Often the first question that an inventor has is, Can I get a patent for my idea? There are certain technical requirements for an idea to be patentable. However, a patent agent should be able to tell almost immediately upon having the idea explained to them, whether it is the type of idea that may be patentable or not. However, aside from being the proper type of idea, the idea must be new in order to be patentable. This article is directed to how one goes about determining whether an idea is new.Patents Protect New Ideas
The first place to begin looking is in the marketplace. Inventors can do a fair bit of their own research determining whether or not the product that they wish to make and sell already exists in the marketplace. Often, especially with the Internet, inventors can determine whether such a product is available for sale.
Once this basic research has been completed, the next step is to discuss the idea with a patent lawyer or patent agent. The purpose of the discussion is to arrange to have a search performed which will search the prior patent literature to see if anyone else has come up with the same, or a closely similar idea, in the past. Although many patent applications are filed, not all patents turn into commercial products. Therefore, the patent literature is often a rich source of prior ideas which are written down and carefully explained in the form of patents.How Do New Ideas Get Searched?
There are essentially only two ways of conducting searches of patent literature. The first way is via electronic databases. There are a number of electronic databases available, and they include abstracted information from patent records of many different countries. However, the abstracts are only current as of the late 1970's and, the computer program that searches the abstract is based on a key word search. Unfortunately, many prior patents of interest in many fields date back earlier than 1970's. Additionally, under patent law, the inventor gets to be his own lexicographer. This simply means he can call parts of his invention by whatever names he so chooses. Thus, a key word search directed to a particular description of the product may not locate the most pertinent references, if the inventor has chosen slightly different terms to describe his product. Therefore, key word electronic searching is somewhat inexact.Manual Searching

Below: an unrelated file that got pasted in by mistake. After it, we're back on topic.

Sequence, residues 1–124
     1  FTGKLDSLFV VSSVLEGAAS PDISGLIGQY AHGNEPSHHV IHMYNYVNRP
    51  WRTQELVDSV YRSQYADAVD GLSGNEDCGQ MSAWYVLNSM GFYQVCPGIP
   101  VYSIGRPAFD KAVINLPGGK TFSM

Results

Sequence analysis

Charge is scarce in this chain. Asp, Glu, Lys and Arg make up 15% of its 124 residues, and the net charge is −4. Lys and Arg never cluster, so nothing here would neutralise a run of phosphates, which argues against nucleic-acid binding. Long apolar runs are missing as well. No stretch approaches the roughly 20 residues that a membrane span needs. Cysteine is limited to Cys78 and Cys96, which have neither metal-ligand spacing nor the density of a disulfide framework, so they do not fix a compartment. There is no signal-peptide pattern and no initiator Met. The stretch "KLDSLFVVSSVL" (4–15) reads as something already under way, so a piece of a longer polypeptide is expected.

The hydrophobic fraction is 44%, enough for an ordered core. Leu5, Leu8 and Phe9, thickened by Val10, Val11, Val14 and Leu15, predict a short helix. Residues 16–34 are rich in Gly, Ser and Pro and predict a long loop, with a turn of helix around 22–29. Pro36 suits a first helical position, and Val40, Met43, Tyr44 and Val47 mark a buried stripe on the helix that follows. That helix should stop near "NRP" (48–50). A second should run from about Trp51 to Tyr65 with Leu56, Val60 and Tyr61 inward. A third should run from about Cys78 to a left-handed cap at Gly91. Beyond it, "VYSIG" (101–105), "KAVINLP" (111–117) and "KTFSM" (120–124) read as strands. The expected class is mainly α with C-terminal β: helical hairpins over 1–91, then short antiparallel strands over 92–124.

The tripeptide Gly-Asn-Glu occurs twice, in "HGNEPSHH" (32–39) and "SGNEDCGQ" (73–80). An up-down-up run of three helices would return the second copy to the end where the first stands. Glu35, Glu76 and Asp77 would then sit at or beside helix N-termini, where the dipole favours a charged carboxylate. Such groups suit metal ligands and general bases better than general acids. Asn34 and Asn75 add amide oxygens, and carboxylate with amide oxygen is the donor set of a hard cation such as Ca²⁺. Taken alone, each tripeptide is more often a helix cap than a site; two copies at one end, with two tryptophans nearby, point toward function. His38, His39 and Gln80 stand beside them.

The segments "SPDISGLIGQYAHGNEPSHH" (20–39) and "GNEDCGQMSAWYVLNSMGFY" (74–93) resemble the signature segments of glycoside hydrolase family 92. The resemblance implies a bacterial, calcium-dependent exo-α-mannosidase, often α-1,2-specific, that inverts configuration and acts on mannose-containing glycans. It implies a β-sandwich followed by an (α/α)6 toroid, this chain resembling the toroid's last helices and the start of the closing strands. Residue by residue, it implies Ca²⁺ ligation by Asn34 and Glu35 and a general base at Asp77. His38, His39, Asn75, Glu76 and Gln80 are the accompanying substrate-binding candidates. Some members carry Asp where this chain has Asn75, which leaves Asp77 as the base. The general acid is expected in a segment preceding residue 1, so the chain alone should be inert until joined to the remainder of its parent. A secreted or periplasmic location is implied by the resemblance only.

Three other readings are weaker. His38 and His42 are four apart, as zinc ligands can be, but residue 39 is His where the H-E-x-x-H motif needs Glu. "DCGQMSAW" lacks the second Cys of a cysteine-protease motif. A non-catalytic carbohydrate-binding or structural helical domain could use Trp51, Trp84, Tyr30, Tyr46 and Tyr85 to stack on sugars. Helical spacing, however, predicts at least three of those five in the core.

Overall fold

A further, and more detailed search is to conduct the search manually at the U.S. Patent Office. Your patent professional can engage the services of a professional searcher who specializes in the are of technology to which the invention relates. Many Canadian inventions are first searched at the U.S. Patent Office, where there is a large library of patents indexed according to subject matter. The U.S. Patent Office has more than five million prior patents on file, whereas the Canadian Patent Office has somewhat less than one and a half million Canadian patents indexed according to subject matter.
Another advantage of a manual search is that a human searcher can take advantage of the personal knowledge and skill of members of the U.S. Patent Office. Upon receiving a patent application, U.S. Patent Office passes the application to a classification officer. This is usually a senior examiner, who then assigns a category and subcategory within which to classify the invention. The classification officer can direct the searcher to the most likely class or subclass where such inventions might be stored. In this manner, the searcher can quickly focus in on the most likely classes for searching.
In addition, a human searcher is able to identify most relevant prior patents, even if the terms used in the prior patent are somewhat different. Thus, the quality of the search tends to be better. Therefore, while more expensive, it is often preferable to use a human searcher.How Good Is a Patent Search?
Unfortunately, no search can be guaranteed. Unlike real estate searching, which allows the searcher to go back to the root of title, there is no root of title in patent searching. Hopefully, for the inventor, what will be discovered is that no one has ever come up with precisely the same idea before. However, because the search is based on identification of the key classes and subcategories within those classes to be searched, there is always the possibility that other patents exist classified differently which relate to the same or similar idea. Additionally, the only patents which are searchable are issued patents. There may well be pending secret applications which are not located in the search but could affect the ability of the inventor to get patent protection for his idea. However, in spite of these shortcomings, patent searching is usually advisable in order to obtain a general sense of the scope of protection that may be available for any inventor.What Does a Search Reports Look Like?
A patent agent or patent lawyer will organize the search and receive the search results. The results typically consist of 5 to 15 patents directed to related ideas. The professional can then review them in order to determine which ones may be the closest prior patents and how such prior patents may affect the patentability of the invention which the inventor is interested in. This analysis is not easy and requires a detailed understanding of what kinds of differences patent examiners will accept as being patentable. Based on this preliminary patentability opinion, the inventor will then be able to determine whether or not the commercial protection offered by a patent is sufficient to justify the expense of preparing and filing patent applications.
If you have an idea and you wish to consider obtaining patent protection, you should contact a qualified patent agent or patent lawyer to assist you with obtaining the search results and interpreting them.